The W3C has a Web Performance Working Group that decides what new APIs browsers might implement to help us measure and improve web performance. In this chapter, we will cover the APIs this group has defined as well as other web APIs that will be useful for us in our performance optimization work.
We will look first at the APIs that are available today on some or all browsers, such as the Navigation Timing and Network Information APIs, and then a list of future specs that will help us with performance optimization in the future, such as Script Timing and Efficient Script Yielding.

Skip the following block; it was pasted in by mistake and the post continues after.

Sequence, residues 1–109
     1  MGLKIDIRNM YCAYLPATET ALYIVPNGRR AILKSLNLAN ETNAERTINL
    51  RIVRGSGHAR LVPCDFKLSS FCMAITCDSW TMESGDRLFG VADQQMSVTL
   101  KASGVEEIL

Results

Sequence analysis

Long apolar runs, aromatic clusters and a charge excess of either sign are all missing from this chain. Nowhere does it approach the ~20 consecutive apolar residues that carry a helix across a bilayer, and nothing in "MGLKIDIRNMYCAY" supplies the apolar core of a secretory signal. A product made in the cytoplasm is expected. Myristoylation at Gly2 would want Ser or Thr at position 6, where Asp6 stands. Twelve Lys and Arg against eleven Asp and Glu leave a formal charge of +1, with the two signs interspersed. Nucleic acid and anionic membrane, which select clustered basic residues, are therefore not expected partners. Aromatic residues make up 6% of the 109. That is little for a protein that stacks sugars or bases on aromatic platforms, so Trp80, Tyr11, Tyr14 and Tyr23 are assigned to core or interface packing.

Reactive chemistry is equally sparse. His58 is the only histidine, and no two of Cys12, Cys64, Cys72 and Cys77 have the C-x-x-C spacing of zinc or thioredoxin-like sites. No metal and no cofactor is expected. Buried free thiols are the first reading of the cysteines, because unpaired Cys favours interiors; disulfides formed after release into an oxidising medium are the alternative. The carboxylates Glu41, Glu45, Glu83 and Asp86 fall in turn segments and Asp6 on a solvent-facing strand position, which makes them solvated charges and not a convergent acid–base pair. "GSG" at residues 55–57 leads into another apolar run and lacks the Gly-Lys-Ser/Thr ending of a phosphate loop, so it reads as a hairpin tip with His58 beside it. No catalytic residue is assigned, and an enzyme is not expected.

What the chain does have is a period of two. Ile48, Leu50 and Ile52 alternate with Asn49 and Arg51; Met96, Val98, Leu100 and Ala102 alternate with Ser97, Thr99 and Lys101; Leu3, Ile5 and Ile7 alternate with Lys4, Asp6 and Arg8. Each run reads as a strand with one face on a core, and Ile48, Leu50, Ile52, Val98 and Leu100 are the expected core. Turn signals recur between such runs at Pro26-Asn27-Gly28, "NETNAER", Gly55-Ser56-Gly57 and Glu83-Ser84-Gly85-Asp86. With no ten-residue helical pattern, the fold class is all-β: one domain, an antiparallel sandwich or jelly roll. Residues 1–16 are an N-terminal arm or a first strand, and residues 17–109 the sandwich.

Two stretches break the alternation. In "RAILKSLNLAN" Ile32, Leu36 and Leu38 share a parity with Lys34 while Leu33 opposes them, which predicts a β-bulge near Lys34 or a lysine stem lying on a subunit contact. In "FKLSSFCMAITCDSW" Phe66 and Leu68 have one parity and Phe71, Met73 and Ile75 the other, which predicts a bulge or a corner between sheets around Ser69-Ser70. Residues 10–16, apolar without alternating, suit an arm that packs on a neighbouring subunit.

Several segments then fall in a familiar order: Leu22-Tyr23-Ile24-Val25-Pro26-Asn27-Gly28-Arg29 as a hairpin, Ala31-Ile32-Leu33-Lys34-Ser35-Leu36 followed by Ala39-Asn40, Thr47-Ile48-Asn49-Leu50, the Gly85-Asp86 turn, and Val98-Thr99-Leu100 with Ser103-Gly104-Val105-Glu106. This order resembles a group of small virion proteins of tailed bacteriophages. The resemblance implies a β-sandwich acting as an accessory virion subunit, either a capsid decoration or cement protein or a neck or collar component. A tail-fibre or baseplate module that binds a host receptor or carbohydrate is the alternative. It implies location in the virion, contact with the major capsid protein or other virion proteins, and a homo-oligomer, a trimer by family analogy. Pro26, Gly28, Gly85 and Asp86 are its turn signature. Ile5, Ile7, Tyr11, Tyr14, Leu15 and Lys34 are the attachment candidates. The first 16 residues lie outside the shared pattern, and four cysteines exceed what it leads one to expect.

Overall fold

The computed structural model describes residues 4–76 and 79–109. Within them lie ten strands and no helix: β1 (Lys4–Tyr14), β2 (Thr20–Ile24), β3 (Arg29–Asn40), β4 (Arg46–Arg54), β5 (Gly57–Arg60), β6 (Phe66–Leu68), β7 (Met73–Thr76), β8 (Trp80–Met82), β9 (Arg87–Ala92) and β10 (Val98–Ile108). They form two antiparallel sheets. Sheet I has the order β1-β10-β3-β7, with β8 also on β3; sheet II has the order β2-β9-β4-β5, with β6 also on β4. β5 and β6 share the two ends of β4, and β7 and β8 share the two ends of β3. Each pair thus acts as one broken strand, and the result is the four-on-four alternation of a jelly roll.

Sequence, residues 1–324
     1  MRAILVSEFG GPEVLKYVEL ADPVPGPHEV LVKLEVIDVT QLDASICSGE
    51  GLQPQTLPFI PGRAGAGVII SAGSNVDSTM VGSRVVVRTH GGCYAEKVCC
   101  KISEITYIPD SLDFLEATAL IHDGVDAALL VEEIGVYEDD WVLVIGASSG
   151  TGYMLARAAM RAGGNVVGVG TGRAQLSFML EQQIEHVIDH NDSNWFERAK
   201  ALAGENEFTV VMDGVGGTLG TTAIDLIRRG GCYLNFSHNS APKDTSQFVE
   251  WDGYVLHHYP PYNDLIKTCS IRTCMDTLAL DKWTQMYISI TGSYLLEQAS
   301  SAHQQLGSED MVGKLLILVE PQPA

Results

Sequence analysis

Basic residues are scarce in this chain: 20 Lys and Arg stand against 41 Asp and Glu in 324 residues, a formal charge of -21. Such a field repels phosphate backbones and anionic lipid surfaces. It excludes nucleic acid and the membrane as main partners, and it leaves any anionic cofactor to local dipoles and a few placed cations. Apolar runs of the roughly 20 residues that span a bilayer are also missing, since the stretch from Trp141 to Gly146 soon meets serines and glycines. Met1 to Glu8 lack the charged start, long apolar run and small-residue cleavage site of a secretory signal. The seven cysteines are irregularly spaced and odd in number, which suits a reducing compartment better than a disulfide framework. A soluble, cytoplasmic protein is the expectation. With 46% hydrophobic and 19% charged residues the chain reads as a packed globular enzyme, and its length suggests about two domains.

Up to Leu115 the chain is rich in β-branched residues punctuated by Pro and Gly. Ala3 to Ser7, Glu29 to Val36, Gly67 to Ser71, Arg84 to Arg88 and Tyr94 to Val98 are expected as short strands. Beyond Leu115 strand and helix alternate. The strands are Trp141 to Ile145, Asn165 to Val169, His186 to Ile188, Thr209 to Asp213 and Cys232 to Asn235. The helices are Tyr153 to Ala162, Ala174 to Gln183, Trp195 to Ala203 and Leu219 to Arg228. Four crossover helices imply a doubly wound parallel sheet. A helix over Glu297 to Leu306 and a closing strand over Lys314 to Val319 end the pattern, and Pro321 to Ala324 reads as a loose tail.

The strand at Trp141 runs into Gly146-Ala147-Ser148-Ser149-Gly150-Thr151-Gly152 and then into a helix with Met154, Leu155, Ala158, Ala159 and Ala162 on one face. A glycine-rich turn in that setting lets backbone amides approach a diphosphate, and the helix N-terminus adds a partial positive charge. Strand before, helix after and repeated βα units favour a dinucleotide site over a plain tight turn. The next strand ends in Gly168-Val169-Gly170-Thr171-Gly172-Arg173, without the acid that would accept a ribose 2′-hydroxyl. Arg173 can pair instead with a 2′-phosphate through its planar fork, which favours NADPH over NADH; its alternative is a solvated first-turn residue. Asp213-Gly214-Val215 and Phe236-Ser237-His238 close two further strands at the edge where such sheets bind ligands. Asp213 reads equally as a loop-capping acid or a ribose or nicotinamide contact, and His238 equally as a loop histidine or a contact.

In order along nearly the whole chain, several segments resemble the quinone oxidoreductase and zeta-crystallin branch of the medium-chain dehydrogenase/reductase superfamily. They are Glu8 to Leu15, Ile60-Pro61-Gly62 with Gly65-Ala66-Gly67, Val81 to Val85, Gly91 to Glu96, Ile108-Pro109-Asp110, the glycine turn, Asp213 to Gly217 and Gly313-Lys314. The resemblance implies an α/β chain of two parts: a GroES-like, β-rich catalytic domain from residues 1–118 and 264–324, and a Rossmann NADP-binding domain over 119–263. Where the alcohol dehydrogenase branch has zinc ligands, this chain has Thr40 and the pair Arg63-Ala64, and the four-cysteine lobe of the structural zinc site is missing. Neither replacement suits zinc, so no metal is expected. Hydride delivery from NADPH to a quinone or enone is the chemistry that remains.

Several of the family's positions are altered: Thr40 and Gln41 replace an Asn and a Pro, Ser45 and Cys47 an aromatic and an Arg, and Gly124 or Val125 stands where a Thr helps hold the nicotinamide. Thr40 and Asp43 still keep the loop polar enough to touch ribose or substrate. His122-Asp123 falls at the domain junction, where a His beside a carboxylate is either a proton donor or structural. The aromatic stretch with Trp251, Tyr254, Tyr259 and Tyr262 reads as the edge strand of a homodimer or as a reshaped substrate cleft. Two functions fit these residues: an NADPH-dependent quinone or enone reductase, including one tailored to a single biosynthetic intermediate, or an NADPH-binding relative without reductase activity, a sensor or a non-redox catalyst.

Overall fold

We will start with APIs that will help us during the measurement phase, so we can gather real data from our users.
The Navigation Timing API was the first browser API with web performance as its focus. It provides a series of timestamps from the initial page loading process through
window.performance. It’s currently available in most modern mobile browsers, including Google Chrome, IE, Edge, Firefox, and Safari from iOS 9. It’s not available in Android Browser or proxy-based browsers.
Some reports claim that Safari has supported the Navigation Timing API since version 8. It was available in that version, but support was quickly removed in release 8.1 a few weeks later due to “performance issues,” as Apple stated at the time. It was fully re-enabled in iOS 9 in 2015.
performance object also acts as the home for other performance-based ...